The one dessert Giada De Laurentiis would eat for her last meal

Not every chef invents a recipe for success. Luckily for Giada De Laurentiis, she's had a lifetime to hone her craft in the kitchen. The Emmy Award-winning host of the Food Network hit, Everyday Italian, and an accomplished author who has handed on the New York Times bestseller list (via Food Network), De Laurentiis had a childhood defined by cooking. As Biography describes, she came to America unable to speak English and was a victim of vicious bullying as a result. She turned to food and family as her haven from pain and planted the seeds of her career. She had weekly family lunches with her grandfather and enjoyed the tastier things in life at her granddad's restaurant, DDL Foodshow.

With a vast wealth of invaluable memories and a food-fueled career that – according to Celebrity Net Worth - has fattened her wallet to the tune of $30 million, De Laurentiis adds a rich layer of meaning to the saying, you are what you eat. And as a chef, she's essentially a philosopher of food who arguably makes a Cartesian assertion of self whenever she eats: "I eat; therefore I am delicious." So if De Laurentiis only had one last meal to declare her culinary existence, what would it be? It's morbid food for thought, and in 2016, she shared her thoughts on the matter with Health magazine.

Giada De Laurentiis takes the cake

We don't know about you, but if we only had one final meal to hold us over before kicking the bucket, we would want that bucket to be filled with deliciously crispy KFC chicken or perhaps something more on the nose, like funeral potatoes or Tombstone pizza. But as De Laurentiis told Health, takeout food has never been her thing, noting, "You don't know what's in your food if you're not cooking it yourself from scratch." And she could probably design a pizza in her sleep more skillfully than we could heat and eat our pre-dirt nap Tombstone.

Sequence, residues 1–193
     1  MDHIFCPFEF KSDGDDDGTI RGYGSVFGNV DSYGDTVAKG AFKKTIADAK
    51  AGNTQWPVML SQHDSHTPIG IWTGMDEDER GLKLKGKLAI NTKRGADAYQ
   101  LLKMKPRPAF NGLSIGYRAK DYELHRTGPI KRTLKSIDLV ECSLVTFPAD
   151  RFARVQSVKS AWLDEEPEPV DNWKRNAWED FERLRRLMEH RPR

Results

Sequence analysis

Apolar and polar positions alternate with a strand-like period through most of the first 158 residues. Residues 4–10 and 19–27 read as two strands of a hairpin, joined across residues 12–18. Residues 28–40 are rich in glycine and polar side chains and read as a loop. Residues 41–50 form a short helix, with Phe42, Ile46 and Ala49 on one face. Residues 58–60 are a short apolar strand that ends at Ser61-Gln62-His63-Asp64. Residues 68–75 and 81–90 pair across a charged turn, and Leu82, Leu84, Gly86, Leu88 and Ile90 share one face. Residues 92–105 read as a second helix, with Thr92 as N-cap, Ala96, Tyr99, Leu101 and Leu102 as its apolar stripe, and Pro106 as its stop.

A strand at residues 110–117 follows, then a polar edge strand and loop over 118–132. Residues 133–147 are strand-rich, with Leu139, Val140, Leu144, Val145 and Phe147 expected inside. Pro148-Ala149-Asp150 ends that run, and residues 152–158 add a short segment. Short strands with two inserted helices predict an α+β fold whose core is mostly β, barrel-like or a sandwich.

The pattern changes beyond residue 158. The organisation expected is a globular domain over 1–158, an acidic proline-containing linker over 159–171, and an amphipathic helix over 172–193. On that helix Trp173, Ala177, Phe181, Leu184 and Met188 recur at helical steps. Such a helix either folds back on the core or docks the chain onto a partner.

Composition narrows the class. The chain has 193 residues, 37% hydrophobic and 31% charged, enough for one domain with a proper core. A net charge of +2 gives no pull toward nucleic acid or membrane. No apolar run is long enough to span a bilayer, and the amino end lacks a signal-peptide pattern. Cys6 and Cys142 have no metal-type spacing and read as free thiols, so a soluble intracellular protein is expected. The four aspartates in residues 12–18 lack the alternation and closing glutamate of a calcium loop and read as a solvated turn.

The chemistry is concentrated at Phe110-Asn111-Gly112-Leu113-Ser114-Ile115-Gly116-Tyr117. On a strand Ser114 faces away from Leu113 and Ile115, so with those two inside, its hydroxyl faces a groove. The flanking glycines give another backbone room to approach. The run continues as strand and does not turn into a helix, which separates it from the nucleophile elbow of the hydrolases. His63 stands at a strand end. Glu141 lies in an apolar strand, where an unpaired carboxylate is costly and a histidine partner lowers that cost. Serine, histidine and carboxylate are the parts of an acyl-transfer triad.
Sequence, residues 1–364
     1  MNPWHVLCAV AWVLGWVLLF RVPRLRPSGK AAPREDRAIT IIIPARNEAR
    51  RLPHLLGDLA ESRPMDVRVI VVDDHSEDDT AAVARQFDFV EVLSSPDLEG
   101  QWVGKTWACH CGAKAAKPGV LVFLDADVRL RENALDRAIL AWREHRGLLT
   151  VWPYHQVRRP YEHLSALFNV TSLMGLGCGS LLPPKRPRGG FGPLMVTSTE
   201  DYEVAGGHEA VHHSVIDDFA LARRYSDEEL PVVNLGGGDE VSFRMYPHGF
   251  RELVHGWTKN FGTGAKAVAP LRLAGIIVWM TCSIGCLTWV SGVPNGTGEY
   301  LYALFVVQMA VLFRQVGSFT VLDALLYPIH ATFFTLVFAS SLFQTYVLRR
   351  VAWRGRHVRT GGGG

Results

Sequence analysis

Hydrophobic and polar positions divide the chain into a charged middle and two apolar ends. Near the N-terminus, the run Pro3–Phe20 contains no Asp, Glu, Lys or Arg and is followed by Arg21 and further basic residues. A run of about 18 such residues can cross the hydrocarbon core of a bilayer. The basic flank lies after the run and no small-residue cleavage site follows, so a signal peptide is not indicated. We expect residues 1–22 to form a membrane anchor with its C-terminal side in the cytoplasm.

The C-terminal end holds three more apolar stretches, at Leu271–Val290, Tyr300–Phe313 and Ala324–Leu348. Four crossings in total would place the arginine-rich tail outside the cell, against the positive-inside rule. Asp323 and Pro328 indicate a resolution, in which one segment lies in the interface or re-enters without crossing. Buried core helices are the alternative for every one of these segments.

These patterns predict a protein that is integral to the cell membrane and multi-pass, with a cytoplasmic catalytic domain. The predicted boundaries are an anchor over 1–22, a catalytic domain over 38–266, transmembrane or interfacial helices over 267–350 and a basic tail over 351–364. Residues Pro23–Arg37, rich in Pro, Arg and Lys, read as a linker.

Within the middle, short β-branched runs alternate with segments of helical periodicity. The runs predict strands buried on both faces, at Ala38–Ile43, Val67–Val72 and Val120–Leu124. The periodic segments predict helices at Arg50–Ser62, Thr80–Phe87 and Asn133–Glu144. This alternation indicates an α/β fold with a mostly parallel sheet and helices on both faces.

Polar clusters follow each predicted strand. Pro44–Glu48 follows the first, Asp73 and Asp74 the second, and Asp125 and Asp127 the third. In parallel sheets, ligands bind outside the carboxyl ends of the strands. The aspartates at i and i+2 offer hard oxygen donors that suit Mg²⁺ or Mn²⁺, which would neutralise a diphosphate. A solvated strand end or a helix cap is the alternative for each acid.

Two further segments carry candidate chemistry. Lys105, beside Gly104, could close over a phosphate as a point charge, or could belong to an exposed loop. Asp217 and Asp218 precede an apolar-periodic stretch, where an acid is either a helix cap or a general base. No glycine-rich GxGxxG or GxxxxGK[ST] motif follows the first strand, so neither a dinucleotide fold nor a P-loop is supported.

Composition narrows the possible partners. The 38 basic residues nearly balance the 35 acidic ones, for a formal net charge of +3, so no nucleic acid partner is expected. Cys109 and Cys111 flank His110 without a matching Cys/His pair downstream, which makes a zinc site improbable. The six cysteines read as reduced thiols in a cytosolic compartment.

For her final meal, De Laurentiis would indulge in the sweet, brown decadence of a seven-layer chocolate cake. She even has a plan of attack: "I would eat all of the frosting on the outside, then I would peel off the cake and eat the layers in between. While that might evoke unsettling images of the chef performing an autopsy on a cake, there's a method to the madness. "I like a scavenger hunt," De Laurentiis explained. "It's more fun, and it takes longer to eat, so you get more pleasure out of it." Sounds like a slow death by chocolate.

Considering that De Laurentiis chose chocolate cake as her last meal during an interview with Health, you might assume one of the seven layers would be made of irony. But hey, you only die once, so you might as well live a little.